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Older Nurse Graduates Find Their Niche

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By Nancy Deutsch, contributor

Many of today’s students entering nursing schools are older than in years past. It is now common for schools to enroll students in their 30s, 40s and even 50s. While many of those entering nursing as older students are looking for a second or third career that offers job security, others are joining the ranks to fulfill a lifelong dream.

Older nurse graduates
Nursing faculty members agree that older nursing graduates are an asset in the workplace as they lend the maturity and life experience needed in such a caring profession.

“One of my first teaching experiences involved a 62-year-old nursing student who had dreamed of becoming a nurse all her life and she decided now was the time to fulfill her dream,” says Claire D. Maze, Ph.D., RN, faculty program director for the online nursing program at South University in Savannah, Georgia. “To this day I can remember her beaming smile on graduation day, when the traditional nursing cap was placed on her head, the nursing pin on her lapel and she was handed her nursing diploma.”

Teaching those with a lifelong dream is very rewarding, Maze says.

But how easy is it for these older students to be in the classroom again? Are there differences in how these older nurses perform or in terms of what is expected of them?

Nursing educators say there are some differences in how older students learn and in how they perform, but the negatives seem to be balanced by positive differences.

Elaine Tagliareni, RN, EdD, president of the National League for Nurses, teaches nursing at a community college in Philadelphia where the average age of her students is 29. The major difference she sees between these students and typical college students in their late teens and early twenties is the benefit of more life experience. If the older student has been out of the academic life for awhile, learning to study again can be difficult, but his or her past experiences help them in their work. “Life experiences help them put things into perspective,” she notes.

Maze agrees. “Older professional nurses are certainly an asset in the workplace as they lend the maturity and life experience needed in such a caring profession,” she says. “The older nurse can communicate with the patients on a level that has a world of depth that younger nurses may still need to grow into.”

Marcia Stevens, RN, DNSc, is the accelerated nursing program coordinator at Minnesota State University in Mankato. She says older students take longer to learn technology than their younger counterparts. “Being able to work equipment doesn’t come as quickly for the older student as opposed to the younger student,” she says. When it comes to learning how an IV pump works for example, older students have more difficulty processing the information, Stevens has noticed.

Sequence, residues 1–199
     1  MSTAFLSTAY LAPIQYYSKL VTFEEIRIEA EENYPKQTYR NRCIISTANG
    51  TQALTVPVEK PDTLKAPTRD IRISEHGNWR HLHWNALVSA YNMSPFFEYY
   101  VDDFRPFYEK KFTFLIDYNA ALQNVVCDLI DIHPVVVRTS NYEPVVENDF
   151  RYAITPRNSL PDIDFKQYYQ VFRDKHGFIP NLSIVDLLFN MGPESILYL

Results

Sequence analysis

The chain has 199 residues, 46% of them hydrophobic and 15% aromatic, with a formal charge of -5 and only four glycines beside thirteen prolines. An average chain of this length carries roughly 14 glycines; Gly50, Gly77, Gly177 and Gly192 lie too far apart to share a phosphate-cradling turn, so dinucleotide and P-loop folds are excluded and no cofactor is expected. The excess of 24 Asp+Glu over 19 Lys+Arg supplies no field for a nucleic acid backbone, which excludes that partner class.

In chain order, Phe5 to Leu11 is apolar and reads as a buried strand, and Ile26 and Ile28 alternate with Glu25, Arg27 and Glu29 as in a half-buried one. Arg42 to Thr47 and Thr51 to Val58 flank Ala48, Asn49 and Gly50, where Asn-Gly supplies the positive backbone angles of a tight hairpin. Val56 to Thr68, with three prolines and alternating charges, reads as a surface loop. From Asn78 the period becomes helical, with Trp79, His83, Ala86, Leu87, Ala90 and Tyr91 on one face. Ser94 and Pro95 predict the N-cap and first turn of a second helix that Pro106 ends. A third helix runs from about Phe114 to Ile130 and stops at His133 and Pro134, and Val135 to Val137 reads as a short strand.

Part of the difficulty is generational since the older generation didn’t grow up with as much technology, Stevens explains. Part of it may also be age and the fact that older brains are already so full of other information, it takes longer to process new information.

Perhaps because of the learning curve, “I find it takes older nurses longer to be confident in the clinical setting,” Stevens says.

Some older nurses have difficulty multi-tasking and may not be best suited for the ER or ICU, but will do fine in another environment, she suggests.

Maze finds that older students tend to choose different settings and career paths for themselves when they graduate. “The younger nursing graduates will seek out the high-tech, fast-paced and often longer hours in a hospital setting,” she says. “The older graduates tend to seek out nursing education to give back some of their knowledge to the more novice nursing students or to give back to the community in which they live.”

Stevens says she doesn’t think staff or patients expect more of an older nurse than a younger one, but older nurses themselves expect more from themselves. “They’re very critical of themselves. They set high standards.”

Were she to give older nurses advice, Stevens says she would tell them to relax. “They have to realize it takes time to achieve those high standards.” It takes six months to a year for a new nurse to be comfortable in the new clinical setting, she says.

Maze adds that it may take an older nurse time to find the workplace environment that is the best match. “There are many avenues in which you can bring your other life experience into the practice of nursing and that you can use to enrich the practice of nursing. The key challenge is to find the right one for you to take and explore.”

Older nurses have much to offer, she says. “We are never too old to stretch our minds and hearts.”

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